Brian Kow and Jude Kow co-founded Nic & Wes Builders in 2002 with the aim of simplifying design and build construction services, including house reconstruction and renovation in Singapore. With a forte in landed residential properties, it is a one-stop-shop that provides services from conceptualisation to completion of lifestyle homes that encompass practicality, functionality and aesthetics.
Within the company, Brian’s role is akin to being the captain of a ship as he steers the entire business organisation and direction while his wife Jude acts as an advisor with a flair for decorating.
How do you define a lifestyle home?
Brian: It is working around the family’s needs and tap into their aspirations to create an abode that would pull them home rather than going out. A home where people want to come back to and have their own space to enjoy for themselves.
Jude: To me, a lifestyle home has to have all the luxuries of a home, for example, a swimming pool, gym or movie room. When everything you need is under one roof, no matter how small the house is, you would not need to go out. If you like to entertain, we would design a semi-shaded roof terrace with inviting communal spaces, counter tops, and even a bar or barbeque area to make it conducive to host guests. If you enjoy working from home, we can provide a nice office space within the house. It depends on what the clients want and, from there, we try to make a lifestyle home for them.
What are the common types of lifestyle homes?
Brian: There are so many kinds of lifestyle homes, so let me break it down into three general categories—heritage; tropical; and modern or ultra-modern. Heritage homes, which mostly comprise black-and-white colonial houses and Peranakan houses in Singapore, are very detailed with fanlights, decorative pillars and intricate tiling among others, due to the fusion of East and West elements. These types of homes often come with pitched roofs. For tropical and resort-style homes, they embody a lot of earthy tones; stone feature walls; greenery; water features; and timber. These elements are usually further enhanced by warm and white light. Modern or ultra-modern homes generally have metal roofs, sometimes with very interesting curved profiles, lots of glass and laser-cut screens to create a luxe charm.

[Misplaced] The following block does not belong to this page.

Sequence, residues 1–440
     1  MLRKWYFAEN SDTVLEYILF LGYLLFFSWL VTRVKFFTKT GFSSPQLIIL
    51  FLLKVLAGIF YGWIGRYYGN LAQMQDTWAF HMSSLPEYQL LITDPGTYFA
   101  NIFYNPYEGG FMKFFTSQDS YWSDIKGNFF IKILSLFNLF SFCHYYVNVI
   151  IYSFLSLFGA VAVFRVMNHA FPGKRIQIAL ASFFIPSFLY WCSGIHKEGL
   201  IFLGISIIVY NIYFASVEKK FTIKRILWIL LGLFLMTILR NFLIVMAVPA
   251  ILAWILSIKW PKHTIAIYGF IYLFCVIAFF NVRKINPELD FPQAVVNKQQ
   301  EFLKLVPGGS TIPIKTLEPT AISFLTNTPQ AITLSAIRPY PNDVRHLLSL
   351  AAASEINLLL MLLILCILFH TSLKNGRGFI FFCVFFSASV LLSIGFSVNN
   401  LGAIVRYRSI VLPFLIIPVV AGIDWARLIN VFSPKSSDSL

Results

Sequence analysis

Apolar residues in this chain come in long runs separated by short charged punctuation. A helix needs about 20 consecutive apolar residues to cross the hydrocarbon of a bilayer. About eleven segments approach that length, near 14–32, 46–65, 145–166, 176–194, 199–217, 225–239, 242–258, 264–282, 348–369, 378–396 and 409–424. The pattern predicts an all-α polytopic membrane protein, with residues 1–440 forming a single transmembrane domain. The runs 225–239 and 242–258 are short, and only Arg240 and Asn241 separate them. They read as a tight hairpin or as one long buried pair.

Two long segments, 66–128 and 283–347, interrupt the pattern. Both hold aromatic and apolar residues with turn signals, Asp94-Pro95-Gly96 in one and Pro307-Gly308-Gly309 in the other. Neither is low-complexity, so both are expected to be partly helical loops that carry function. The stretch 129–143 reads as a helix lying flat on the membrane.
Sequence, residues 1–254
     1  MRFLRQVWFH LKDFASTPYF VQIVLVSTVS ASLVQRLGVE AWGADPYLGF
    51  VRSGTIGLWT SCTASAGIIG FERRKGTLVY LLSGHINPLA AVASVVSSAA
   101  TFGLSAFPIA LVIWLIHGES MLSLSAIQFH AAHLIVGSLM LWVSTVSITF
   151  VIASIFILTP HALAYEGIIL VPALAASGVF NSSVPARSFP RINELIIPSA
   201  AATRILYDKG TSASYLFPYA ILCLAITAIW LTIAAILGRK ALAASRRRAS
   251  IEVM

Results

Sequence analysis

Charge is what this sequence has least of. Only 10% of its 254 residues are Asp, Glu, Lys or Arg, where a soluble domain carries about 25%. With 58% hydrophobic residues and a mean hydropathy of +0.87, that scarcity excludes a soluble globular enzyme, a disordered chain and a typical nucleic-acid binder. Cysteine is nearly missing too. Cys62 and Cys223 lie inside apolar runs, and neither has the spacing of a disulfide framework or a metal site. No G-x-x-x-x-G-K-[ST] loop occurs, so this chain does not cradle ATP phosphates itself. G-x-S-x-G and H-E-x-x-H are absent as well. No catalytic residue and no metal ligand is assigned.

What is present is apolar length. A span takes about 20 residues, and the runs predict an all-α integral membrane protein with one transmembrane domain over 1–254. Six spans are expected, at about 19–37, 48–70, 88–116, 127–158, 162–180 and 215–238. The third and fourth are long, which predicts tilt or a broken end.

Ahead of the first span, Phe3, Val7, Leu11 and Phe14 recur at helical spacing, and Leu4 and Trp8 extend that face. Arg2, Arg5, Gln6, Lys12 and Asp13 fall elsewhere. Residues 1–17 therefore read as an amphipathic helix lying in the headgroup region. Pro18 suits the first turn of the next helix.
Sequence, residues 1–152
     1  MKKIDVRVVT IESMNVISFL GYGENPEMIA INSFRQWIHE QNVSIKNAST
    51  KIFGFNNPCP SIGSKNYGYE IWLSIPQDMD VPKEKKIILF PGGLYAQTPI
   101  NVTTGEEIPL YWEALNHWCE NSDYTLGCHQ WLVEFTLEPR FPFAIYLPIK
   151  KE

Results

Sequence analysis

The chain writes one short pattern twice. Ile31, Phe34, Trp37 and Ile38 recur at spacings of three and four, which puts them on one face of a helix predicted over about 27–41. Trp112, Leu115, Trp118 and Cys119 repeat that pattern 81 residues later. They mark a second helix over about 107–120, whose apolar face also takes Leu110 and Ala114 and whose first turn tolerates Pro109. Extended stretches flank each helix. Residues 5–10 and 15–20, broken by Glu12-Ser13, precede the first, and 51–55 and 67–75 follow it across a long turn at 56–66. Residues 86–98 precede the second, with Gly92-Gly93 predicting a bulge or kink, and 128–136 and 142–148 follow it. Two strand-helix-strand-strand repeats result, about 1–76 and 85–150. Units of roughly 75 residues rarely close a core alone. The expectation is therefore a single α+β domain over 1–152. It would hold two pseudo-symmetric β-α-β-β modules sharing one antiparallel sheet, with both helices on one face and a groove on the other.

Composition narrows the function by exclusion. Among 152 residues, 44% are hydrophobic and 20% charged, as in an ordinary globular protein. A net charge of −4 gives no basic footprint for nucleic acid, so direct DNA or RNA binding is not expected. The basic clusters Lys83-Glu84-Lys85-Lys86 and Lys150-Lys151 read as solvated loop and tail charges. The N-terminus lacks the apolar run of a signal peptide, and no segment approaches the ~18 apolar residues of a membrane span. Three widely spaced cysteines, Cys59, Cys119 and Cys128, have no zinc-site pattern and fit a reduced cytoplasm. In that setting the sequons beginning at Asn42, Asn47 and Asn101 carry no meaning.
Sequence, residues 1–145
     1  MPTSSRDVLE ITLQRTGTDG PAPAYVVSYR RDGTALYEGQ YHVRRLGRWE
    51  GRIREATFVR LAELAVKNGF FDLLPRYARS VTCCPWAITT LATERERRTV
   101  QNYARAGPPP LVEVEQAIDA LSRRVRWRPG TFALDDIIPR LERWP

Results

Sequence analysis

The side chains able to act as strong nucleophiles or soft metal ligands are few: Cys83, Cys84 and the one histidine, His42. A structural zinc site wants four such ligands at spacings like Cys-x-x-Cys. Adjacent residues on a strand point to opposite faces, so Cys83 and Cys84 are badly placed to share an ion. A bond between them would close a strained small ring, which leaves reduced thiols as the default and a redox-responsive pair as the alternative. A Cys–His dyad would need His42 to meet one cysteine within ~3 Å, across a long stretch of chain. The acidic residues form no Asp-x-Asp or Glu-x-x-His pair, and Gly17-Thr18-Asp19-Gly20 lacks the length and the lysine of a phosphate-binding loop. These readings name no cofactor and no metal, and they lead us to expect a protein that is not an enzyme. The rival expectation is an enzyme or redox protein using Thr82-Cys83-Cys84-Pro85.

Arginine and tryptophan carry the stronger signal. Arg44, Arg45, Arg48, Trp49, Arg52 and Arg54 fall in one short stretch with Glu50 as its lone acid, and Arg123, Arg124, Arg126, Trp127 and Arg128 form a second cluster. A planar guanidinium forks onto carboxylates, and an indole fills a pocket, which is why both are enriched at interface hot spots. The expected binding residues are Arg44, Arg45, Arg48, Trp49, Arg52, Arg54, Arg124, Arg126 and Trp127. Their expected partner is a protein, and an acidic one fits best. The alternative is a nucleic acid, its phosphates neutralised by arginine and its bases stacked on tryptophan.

Are sustainable materials or sourcing of local materials a priority in the decision-making process?
Brian: There is a lot of awareness of sustainable materials but I do not think it has filtered down to private landed houses at the moment. I think you would see this happening more in the industrial, commercial or hospitality businesses where the authorities legislate that you should incorporate sustainable materials. The awareness is filtering down very slowly to the private residential sector. However, there is some level of curiosity among homeowners about sustainability. One that stands out would be solar power because the prices of photovoltaic materials have dropped quite a bit; at the same time, energy prices have just shot up. For example, out of 10 new houses that we build today, at least five or six of them would want to install some form of photovoltaic system.
This is an excerpt. The original article is published in
Construction+ Q4 2022 Issue: Year End (Review & Forecast).
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